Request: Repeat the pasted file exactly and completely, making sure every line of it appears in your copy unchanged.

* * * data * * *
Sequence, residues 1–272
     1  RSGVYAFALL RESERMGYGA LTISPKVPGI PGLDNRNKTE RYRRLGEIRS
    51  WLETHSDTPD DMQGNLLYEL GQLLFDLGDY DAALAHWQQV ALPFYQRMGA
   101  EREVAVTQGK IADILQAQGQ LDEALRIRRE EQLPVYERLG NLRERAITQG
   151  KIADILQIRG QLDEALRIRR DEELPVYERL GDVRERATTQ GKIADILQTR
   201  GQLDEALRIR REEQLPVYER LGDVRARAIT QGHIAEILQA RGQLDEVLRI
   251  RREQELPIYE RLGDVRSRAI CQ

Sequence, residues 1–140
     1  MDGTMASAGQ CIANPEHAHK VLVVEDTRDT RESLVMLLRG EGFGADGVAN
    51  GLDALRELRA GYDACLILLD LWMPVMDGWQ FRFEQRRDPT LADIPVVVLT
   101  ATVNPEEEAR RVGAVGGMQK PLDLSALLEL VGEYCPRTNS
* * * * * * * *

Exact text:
Sequence, residues 1–272
     1  RSGVYAFALL RESERMGYGA LTISPKVPGI PGLDNRNKTE RYRRLGEIRS
    51  WLETHSDTPD DMQGNLLYEL GQLLFDLGDY DAALAHWQQV ALPFYQRMGA
   101  EREVAVTQGK IADILQAQGQ LDEALRIRRE EQLPVYERLG NLRERAITQG
   151  KIADILQIRG QLDEALRIRR DEELPVYERL GDVRERATTQ GKIADILQTR
   201  GQLDEALRIR REEQLPVYER LGDVRARAIT QGHIAEILQA RGQLDEVLRI
   251  RREQELPIYE RLGDVRSRAI CQ

Sequence, residues 1–140
     1  MDGTMASAGQ CIANPEHAHK VLVVEDTRDT RESLVMLLRG EGFGADGVAN
    51  GLDALRELRA GYDACLILLD LWMPVMDGWQ FRFEQRRDPT LADIPVVVLT
   101  ATVNPEEEAR RVGAVGGMQK PLDLSALLEL VGEYCPRTNS